Mapping ecosystem functions to the valuation of ecosystem services: implications of species–habitat associations for coastal land-use decisions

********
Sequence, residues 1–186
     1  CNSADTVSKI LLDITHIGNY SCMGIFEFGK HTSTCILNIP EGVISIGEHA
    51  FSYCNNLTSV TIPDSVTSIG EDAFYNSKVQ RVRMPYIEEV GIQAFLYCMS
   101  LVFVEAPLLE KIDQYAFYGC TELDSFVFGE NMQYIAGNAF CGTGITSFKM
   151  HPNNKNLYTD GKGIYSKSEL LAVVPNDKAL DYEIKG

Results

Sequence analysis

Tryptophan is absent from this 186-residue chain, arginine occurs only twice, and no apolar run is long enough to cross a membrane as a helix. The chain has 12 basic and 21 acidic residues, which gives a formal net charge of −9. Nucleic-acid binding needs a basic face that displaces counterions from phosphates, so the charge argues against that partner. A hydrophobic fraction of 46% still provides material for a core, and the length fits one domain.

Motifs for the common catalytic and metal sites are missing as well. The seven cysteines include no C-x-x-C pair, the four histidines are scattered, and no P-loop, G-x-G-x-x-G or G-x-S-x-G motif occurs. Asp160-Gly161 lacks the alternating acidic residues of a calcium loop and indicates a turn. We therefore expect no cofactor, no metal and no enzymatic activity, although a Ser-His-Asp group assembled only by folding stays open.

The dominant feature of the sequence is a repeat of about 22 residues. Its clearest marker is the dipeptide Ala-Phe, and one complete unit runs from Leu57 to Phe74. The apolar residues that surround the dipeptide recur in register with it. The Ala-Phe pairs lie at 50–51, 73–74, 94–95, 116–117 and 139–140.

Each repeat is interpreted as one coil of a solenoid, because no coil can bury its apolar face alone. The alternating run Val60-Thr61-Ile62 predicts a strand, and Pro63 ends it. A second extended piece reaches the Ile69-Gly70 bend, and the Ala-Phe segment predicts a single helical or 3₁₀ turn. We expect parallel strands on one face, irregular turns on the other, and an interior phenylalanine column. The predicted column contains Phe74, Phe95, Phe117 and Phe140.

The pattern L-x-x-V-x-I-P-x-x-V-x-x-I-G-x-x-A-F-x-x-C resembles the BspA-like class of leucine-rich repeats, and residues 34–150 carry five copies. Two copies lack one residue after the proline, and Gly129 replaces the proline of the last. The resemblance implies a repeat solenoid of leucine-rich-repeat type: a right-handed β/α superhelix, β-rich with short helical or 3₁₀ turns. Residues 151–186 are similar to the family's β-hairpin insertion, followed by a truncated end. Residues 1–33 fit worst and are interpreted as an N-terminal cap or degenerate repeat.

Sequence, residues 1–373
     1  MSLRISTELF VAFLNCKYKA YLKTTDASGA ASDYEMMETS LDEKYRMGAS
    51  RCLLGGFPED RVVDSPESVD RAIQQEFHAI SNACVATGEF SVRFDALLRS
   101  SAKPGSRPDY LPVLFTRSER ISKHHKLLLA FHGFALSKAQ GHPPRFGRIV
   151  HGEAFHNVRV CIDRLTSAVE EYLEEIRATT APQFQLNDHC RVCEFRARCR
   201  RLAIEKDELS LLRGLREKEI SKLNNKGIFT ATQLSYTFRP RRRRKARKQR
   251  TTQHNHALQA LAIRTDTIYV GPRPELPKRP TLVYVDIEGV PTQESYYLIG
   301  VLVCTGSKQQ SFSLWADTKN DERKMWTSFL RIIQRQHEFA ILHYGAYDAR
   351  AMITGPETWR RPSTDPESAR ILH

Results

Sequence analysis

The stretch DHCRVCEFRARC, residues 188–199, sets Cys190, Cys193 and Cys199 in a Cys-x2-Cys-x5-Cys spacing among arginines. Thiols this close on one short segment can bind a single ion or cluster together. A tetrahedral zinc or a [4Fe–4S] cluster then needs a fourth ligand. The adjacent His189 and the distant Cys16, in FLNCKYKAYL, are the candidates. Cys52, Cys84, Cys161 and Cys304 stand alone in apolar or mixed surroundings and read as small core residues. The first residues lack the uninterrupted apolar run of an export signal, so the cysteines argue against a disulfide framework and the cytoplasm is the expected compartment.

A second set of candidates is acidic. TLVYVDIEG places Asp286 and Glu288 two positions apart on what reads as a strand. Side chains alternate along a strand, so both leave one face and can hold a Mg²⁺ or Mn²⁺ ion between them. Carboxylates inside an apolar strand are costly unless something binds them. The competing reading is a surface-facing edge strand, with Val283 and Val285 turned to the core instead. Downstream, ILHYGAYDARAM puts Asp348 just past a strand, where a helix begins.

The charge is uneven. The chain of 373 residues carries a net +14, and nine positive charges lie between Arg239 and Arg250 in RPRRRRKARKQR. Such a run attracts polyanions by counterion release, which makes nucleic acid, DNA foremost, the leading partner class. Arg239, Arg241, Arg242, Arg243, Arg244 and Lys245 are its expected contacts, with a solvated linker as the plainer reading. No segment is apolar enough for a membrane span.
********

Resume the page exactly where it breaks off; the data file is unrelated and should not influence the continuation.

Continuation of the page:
The reefs surrounding Bonaire have long been renowned for their high abundance and diversity of scleractinian corals and for their long-time status as a protected marine park. As part of a comprehensive study of the current status of Bonaire’s reefs, a quantitative benthic community survey was conducted at 7 locations across depths from 10 to 30 m in early 2008. This showed mean coral cover ranging from 23.7% ± 3.8 (SE) to 38.4% ± 4.4 (SE) on the island’s leeward shore and 1.6% ± 0.4 (SE) to 22.4% ± 3.6 (SE) on the windward shore. Percent cover of macrophytes and turf algae ranged from 41.7% ± 2.0 (SE) to 51.8% ± 3.0 (SE) on the leeward shore and 60.8% ± 4.1 (SE) to 82.7% ± 2.5 (SE) on the windward shore. Comparison of these results to earlier work from 1982 on the leeward shore and 1988 on the windward shore points to a significant, system-wide decrease in corals, increase in macroalgae and increase in the ratio of algae to corals. These observations point to significant degradation of reefs at a site often described as relatively ‘pristine’ in the Caribbean and highlight the sensitivity of coral reefs to anthropogenic and natural stresses even on well-protected islands.